YOU ARE HERE: LAT HomeCollections

Letters: Gitmo options, left and right

August 17, 2013

Re "How to close Guantanamo," Opinion, Aug. 14

Democratic Sens. Dianne Feinstein and Dick Durbin propose steps to close the detention facility at Guantanamo Bay, which holds Al Qaeda terrorists. These proposals threaten U.S. security and should be rejected.

They suggest transferring certain detainees to Yemen, where a terrorist involved in the bombing of the U.S. Navy destroyer Cole has "escaped" from prison and remains at large.

They also say detainees should be transferred to the U.S. Once Al Qaeda detainees are brought here, even for detention and trial, it increases the chances they may be released into our country. Obama administration officials have admitted that detainees in the U.S. likely have more protections — including constitutional rights — than those held overseas. Finally, past public criminal trials of accused terrorists have compromised U.S. intelligence about Al Qaeda.

As Al Qaeda's threat grows, we cannot afford to undermine our national security.

Sen. John Barrasso


Feinstein and Durbin make a powerful case for closing the Guantanamo detention facility. It's ridiculously expensive, unnecessary to keep us safe and a human rights failure.

The senators are right to support new and improved detainee transfer provisions in the Senate defense authorization bill slated for a vote this year.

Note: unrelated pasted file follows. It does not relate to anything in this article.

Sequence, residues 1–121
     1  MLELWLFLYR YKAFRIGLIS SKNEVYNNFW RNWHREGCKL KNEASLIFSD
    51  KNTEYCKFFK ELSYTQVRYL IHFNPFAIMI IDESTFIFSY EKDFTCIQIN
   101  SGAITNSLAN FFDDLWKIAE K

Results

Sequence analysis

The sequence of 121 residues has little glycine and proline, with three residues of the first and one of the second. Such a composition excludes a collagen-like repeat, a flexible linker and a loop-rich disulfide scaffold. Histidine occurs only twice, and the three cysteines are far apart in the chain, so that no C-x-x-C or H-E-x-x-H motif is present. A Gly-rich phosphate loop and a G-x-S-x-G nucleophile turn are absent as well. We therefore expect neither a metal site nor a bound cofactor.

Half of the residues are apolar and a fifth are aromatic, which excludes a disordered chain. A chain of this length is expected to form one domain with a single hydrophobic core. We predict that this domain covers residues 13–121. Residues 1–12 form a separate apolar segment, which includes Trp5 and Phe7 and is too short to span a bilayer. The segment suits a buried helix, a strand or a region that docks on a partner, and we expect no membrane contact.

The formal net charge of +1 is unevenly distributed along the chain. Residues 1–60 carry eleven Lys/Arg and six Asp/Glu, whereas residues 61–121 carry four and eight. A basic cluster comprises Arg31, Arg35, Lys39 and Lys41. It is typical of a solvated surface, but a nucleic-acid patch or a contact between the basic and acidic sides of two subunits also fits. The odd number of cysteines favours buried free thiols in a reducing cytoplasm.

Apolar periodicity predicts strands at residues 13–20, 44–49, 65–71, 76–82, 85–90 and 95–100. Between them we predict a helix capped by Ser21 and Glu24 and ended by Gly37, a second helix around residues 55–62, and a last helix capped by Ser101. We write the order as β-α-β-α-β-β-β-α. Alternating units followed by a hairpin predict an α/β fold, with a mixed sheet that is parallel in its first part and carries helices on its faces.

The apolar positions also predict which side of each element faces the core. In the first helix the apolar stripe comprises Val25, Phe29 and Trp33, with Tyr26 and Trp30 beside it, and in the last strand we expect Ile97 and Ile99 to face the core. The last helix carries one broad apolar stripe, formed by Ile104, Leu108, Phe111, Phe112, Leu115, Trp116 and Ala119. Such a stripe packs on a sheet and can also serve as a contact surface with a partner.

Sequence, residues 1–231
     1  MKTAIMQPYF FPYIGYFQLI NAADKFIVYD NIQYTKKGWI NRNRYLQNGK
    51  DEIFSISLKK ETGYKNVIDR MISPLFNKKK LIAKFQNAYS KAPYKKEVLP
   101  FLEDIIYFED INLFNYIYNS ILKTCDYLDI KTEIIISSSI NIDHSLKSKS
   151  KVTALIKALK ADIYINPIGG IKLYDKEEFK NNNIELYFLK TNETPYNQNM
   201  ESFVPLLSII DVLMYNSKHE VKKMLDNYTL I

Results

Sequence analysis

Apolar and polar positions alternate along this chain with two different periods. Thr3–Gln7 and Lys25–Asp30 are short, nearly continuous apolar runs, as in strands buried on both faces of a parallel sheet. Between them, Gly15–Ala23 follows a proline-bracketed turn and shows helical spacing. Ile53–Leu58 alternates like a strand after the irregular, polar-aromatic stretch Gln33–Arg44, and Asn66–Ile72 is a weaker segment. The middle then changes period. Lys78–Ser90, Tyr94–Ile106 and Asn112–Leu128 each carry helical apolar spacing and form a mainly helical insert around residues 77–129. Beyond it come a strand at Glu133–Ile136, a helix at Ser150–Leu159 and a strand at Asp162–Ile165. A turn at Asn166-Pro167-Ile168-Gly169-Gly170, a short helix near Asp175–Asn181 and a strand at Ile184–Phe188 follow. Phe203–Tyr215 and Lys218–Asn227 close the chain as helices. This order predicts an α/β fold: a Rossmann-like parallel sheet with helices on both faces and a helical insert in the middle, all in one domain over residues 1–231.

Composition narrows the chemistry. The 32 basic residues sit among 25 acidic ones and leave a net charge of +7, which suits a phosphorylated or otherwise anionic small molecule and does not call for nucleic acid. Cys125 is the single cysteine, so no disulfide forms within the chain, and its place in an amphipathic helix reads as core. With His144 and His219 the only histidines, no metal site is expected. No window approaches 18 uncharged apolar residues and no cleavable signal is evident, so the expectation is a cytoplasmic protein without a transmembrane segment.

But when it comes to how to close the detention facility, the devil is in the details. Rather than shipping detainees elsewhere to face indefinite detention, unfair trials or other abuses, the U.S. must ensure that each detainee is either fairly tried in a civilian court or released to a country that will respect his rights.

We all want justice for 9/11 and security from future attacks. The way to achieve both is through the criminal justice and law enforcement systems already available, in compliance with human rights standards.

Zeke Johnson

New York

The writer is an Amnesty International observer at the Guantanamo military commissions.


Letters: Religion in politics? No thanks

Letters: How to tackle painkiller abuse

Letters: Doing more on drug sentencing

Los Angeles Times Articles